By Stephen Mullen
Adolescence can be a terrible time. It can be very painful. It is a time when you lose yourself, lose what you have been, and become a new person in spite of yourself. For most of us, this happens surrounded by others going through the same thing at the same time – is it any wonder how horribly 12 and 13 year olds can treat one another? Let the Right One In is a vampire movie, and a bit of a social satire (if that’s the word) – but mostly, it is about that time when you stop being a child and start to become something else (not quite an adult – but not a child). It is about loss – the loss of childhood, of identity, though also other losses (losing connections with other people, through death or changes in you and them) – but also about what you become. Change is loss, but also gain – you lose who you were, you become someone new. It is about the effects of these changes on groups of kids – about their cruelty, their pain, about how they cope, and perhaps escape.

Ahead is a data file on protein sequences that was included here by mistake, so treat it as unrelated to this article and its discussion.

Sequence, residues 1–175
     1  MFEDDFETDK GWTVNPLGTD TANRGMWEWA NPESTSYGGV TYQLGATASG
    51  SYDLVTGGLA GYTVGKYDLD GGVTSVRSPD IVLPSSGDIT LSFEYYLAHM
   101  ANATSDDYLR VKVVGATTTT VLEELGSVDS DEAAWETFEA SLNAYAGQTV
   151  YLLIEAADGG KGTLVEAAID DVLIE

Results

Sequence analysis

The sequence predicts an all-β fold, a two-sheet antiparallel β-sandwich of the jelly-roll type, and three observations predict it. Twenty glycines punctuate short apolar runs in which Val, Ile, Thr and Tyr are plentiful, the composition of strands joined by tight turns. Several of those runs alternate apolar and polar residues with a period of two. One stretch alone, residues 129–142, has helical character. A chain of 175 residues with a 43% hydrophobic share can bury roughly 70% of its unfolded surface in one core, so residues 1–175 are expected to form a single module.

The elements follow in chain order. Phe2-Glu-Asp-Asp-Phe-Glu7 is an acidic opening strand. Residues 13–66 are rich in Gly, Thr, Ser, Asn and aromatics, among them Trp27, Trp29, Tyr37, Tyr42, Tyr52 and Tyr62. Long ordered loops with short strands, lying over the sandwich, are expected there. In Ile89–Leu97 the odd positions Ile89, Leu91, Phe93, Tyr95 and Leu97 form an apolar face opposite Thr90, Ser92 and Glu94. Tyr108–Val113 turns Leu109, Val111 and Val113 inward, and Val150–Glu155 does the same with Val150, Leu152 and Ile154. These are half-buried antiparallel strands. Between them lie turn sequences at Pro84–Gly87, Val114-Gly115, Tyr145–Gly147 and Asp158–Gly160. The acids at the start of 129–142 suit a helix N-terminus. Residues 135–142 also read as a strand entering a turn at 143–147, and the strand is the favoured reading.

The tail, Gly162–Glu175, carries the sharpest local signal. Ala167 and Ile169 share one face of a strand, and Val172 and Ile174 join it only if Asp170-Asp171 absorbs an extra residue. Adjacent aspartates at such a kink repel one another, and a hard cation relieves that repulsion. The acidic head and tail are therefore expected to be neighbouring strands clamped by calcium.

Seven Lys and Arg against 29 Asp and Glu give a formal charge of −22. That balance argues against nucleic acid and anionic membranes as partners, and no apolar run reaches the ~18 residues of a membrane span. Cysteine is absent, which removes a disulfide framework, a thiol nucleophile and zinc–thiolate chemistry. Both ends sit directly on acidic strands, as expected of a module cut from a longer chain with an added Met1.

The main story is about Oskar, a 12 year old living in a particularly horrifying suburb of Stockholm in 1981 (a period promising transition itself – Brezhnev was on his last legs; Reagan was rattling sabers across the sea – the Cold War itself was starting to change, but it wasn’t sure what it was going to change into, and Sweden was right there between the two of them). Oskar lives with his mother, who is seldom home; his father lives in the country and is something of a refuge for the boy (except when he’s drinking). He goes to school, where he is too clever for his own good, with an excessive interest in police matters; his classmates torment him mercilessly, and he goes home and imagines bloody vengeance on them. There don’t seem to be any other kids in his apartment complex; then one moves in – Eli, a strange girl about his age who doesn’t seem to dress appropriately for the cold, who seems about as lonely and suspicious as Oskar. It doesn’t take them long to become friends – they bond over a Rubik’s cube, and they are soon very close.